A guide to writing a letter of interest that will get you noticed... and hired.
One of the most important parts of the job-hunting process is fine-tuning your application materials to highlight how your talents, experience, and education make you the right choice for the job.
A part of these application materials must be a carefully drafted and well-written letter of interest. This letter explains to the employer why you think you're the perfect choice for the job...
Why do you have to write a letter of interest if you've already included an objective statement in your resume?
Your letter of interest, also sometimes called a "cover letter", is an important part of communicating with a potential employer.
Rather than a simple list with names, dates, and skills (like your resume), a letter of interest is where you can personally explain why you want the job, and how you think you are especially suited to fill all of the position's responsibilities.
This letter is where you single yourself out from the crowd, and try to make yourself look better than all of the other applicants.
Furthermore, if you include your letter on top of your resume, your letter of interest will likely be the first thing the employer will read.
If this letter grabs his or her attention, he or she will be more likely to read your resume more thoroughly, rather than throwing it in the discard pile.
A good letter of interest will do 3 things:
There are a few things that you need to do before you sit down and start writing a letter of interest.
These include doing a bit of homework on the employer...
First of all, you need to research the prospective employer.
This serves many purposes, including familiarizing you with the company and its policies. You may find that after your research the job doesn't seem so great, or maybe they aren't accepting any further applications.
Check online reviews of the employer. How long have they been in business? Have they been in the news recently for any reason, either good or bad?
After a little bit more research, you may not want the job at all. Most likely, however, your research will help you know more about your employer, and arm you with important information.
Make sure to write down a brief list of important points about the employer, which you may refer to in your letter.
Secondly, you need to call the employer or check the job posting to see who the hiring manager is, including their name and title. You'll need this information later on when you're writing your letter.
Your letter of interest should follow a very simple format.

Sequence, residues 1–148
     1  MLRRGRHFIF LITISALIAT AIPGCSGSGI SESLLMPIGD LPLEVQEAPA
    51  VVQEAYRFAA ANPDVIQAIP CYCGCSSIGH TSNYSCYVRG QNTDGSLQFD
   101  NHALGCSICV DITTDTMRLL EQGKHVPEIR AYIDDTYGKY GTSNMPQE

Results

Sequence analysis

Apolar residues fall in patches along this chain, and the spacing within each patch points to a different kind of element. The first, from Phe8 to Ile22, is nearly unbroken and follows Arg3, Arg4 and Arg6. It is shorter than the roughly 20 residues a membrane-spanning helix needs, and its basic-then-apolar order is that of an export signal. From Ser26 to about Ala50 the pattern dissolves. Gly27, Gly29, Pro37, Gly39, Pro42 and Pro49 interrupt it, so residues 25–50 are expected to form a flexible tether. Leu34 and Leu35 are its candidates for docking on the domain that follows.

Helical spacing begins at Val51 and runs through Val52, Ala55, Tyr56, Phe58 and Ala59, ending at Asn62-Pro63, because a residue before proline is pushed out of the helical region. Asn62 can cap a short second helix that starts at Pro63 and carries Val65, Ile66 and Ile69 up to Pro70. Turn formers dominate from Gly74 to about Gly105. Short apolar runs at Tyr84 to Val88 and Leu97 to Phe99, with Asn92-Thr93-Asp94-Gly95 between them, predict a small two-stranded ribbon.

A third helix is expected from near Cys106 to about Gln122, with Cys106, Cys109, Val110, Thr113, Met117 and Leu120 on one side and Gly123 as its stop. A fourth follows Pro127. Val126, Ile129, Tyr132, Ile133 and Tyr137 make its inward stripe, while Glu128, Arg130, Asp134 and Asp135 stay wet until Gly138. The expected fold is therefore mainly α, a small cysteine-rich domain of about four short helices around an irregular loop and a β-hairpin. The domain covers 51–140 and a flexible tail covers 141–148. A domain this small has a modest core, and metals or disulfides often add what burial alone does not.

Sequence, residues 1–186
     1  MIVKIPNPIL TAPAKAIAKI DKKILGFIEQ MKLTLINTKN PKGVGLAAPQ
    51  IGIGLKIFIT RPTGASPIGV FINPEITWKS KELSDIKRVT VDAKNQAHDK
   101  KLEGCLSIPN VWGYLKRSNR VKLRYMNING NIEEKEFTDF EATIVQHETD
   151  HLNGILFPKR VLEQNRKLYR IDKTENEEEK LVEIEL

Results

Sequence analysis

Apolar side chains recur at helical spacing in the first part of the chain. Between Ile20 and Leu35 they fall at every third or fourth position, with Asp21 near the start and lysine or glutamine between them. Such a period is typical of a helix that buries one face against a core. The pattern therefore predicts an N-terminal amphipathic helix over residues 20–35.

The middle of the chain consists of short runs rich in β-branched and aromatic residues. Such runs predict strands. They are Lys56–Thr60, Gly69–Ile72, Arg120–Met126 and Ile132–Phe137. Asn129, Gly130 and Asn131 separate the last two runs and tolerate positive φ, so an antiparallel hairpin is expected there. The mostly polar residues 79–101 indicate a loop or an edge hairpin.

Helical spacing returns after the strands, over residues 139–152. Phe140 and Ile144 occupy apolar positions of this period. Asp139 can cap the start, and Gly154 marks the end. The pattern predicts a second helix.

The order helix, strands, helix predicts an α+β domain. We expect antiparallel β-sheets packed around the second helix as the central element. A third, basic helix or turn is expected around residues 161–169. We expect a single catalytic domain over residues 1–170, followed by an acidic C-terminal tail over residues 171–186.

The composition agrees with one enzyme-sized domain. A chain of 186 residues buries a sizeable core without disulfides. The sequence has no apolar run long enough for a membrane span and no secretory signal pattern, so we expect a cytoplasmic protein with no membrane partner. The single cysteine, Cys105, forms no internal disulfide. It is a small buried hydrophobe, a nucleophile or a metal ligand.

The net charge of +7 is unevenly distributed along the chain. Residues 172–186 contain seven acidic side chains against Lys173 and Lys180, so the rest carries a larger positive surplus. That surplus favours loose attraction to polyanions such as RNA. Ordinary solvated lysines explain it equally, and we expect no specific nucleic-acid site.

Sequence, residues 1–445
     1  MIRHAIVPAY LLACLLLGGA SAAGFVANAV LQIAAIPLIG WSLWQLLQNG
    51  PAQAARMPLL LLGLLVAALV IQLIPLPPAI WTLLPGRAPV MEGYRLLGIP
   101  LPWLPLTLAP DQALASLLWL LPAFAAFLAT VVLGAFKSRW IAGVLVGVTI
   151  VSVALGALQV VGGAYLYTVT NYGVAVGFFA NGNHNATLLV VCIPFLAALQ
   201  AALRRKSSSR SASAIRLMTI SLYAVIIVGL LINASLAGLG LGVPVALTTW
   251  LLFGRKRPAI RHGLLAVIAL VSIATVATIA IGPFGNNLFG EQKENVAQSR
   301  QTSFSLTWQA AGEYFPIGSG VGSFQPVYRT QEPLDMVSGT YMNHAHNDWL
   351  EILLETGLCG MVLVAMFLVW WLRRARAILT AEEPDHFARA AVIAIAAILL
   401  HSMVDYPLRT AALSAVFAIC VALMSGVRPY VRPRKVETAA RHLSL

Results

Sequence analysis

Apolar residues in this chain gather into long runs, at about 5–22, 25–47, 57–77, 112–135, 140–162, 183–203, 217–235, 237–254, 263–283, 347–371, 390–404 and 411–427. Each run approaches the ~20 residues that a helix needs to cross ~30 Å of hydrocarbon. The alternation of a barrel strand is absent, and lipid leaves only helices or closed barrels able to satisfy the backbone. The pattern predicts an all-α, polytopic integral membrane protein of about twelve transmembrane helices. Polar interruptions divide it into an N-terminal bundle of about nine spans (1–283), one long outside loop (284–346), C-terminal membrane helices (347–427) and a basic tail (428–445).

At the top of the letter, include the employer's company name and address, and the date of the letter.
Address the letter to the hiring manager, whose name you should have from your earlier research. Do not use To Whom It May Concern or Dear Sir or Madam - both are impersonal and outdated.
In the first paragraph, specify which position you're applying for, and what you can bring to the company.
Example: This is a letter to inform you of my interest in the medical billing specialist position at Just for Kids Pediatric Neurology Clinic.
You also want to connect your unique talents to the strengths of the company, which makes you stick out.
For instance, if you're applying for a coding job at the pediatric neurology clinic used in the above example, make sure to include a statement about how much you like kids and helping in their medical care.
In the second paragraph, you need to specify your qualifications. This section is where you list your relevant educational and work experience, and how it makes you a suitable applicant for the job.
Rather than simply list your skills, like in your resume, in this section you need to highlight exactly how your particular education and experience makes you the best choice for the job.
In the last paragraph, thank the employer for his or her time reading your letter and considering your application. Also include a way to contact you and the best time for them to call.
End your letter with one of these words: Sincerely, Regards, or Thank You, and your name. Leave a space between your closing word and your typed name where you sign your name in pen.
Your letter of interest should be no more than one page long.
Don't get too wordy by trying to sound more qualified than you really are. Keep the letter short and to the point. The employer doesn't want to know how well you can juggle words as much as how qualified you are to do the job.
Don't repeat your resume. Although you should include some things from your resume, the main point of the letter is to explain how your qualifications make you the right choice for the job.
Show an eagerness to contribute to the company. Employers want to hire someone who'll be a good long-term employee. If you seem like you may jump from one job to the next, he or she will move on the next resume.
Writing a letter of interest that has an impact will help get you noticed. Before you know it, the phone calls will be rolling in, asking for an interview. Good luck!
Want to have a great job interview? See our article on medical billing employment.
Click for more information on writing medical billing resumes, or how to highlight your talents to fit the medical billing job description.
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